Ryanair boss: 10 euro fares to disappear due to rising fuel prices

Michael O’Leary says expects Ryanair’s average fare to rise by about 10 euros over the next five years.

Lucy Thackray
Thursday 11 August 2022 19:55 BST
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Ryanair’s trademark one euro and 10 euro fares will not be seen for a “number of years” due to soaring fuel prices, the budget airline’s boss has said (Niall Carson/PA)
Ryanair’s trademark one euro and 10 euro fares will not be seen for a “number of years” due to soaring fuel prices, the budget airline’s boss has said (Niall Carson/PA) (PA Wire)

Ryanair’s trademark €1 and €10 fares will not be seen for a “number of years” due to soaring fuel prices, the budget airline’s boss has said.

In an interview with BBC Radio 4’s Today programme, Michael O’Leary said he expected Ryanair’s average fare to rise by about €10 over the next five years, from around €40 (£33.75) last year to roughly €50 by 2027.

He told the broadcaster: “There’s no doubt that at the lower end of the marketplace, our really cheap promotional fares – the €1 fares, the €0.99 fares, even the €9.99 fares – I think you will not see those fares for the next number of years.”

Although the soaring fuel prices which are impacting the airline’s fares are also wreaking havoc on people’s disposable incomes, Mr O’Leary is confident the number of customers will remain steady.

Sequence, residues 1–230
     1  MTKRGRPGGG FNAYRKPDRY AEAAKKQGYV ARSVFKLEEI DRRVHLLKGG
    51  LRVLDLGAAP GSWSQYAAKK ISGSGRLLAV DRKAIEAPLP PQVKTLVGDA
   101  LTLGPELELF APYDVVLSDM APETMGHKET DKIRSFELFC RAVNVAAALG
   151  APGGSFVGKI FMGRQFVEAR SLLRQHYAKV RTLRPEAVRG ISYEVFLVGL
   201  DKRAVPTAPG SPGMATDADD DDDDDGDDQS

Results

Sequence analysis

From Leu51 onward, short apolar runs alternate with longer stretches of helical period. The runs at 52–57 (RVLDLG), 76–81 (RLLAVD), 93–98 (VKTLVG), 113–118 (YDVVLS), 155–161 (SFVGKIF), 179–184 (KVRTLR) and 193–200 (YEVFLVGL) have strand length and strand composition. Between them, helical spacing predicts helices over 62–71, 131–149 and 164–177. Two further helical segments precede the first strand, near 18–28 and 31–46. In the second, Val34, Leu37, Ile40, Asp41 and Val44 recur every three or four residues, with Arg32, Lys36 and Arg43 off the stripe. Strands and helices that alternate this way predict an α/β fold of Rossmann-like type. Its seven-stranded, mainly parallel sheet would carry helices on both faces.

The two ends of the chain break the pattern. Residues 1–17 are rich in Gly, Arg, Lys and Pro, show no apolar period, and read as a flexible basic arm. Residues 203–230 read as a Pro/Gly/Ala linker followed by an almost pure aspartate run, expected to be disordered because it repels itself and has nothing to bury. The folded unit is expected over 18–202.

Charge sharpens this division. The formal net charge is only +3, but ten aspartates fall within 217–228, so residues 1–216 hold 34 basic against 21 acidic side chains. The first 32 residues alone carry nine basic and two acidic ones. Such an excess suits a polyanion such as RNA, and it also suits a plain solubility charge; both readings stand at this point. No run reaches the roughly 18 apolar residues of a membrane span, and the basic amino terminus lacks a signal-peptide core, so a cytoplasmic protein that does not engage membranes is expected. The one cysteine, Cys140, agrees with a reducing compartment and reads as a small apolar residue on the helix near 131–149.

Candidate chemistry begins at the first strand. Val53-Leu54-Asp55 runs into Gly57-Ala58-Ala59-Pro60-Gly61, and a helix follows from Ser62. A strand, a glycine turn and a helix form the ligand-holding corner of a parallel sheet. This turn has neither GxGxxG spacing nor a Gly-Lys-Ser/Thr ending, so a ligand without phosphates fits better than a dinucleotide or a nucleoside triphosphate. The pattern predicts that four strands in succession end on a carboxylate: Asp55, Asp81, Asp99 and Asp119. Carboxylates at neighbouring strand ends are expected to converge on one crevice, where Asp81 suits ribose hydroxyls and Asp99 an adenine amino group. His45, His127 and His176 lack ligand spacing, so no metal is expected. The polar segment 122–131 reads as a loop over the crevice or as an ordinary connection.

Instead, he believes travellers will flock en masse to lower-cost alternatives such as Ryanair and EasyJet.

Ryanair boss Michael O’Leary says Brexit has been a disaster for the free movement of labour
Ryanair boss Michael O’Leary says Brexit has been a disaster for the free movement of labour (PA)

“We think people will continue to fly frequently,” he said.

“But I think people are going to become much more price sensitive and therefore my view of life is that people will trade down in their many millions.”

Mr O’Leary also made clear that he believed Brexit was having on his industry – believing that the UK’s exit from the EU has created conditions contributing to staff shortages.

“If there was much more honesty, or any honesty, from Boris Johnson’s government, they would come out and admit that Brexit has been a disaster for the free movement of labour and one of the real challenges being faced by the UK economy,” Mr O’Leary said.

He told the BBC that the next prime minister should have the “backbone” to secure a deal with the European Union to open up the free movement of labour.

“I think the first thing they should do to boost the British economy is prioritise a trade deal with the European Union – a good starting point for that would be to open up the free movement of labour between the UK and Europe once more.”

Mr O’Leary, who said he accepted the result of the 2016 Brexit referendum, added: “You have to accept that you’re not going to get elected by a very narrow 180,000 electorate of the Tory party membership if you advocate common-sense policies.

“But once you do become prime minister, you should have enough backbone to lead the UK economy forward and the starting point for that should be a free trade deal with the European Union.”

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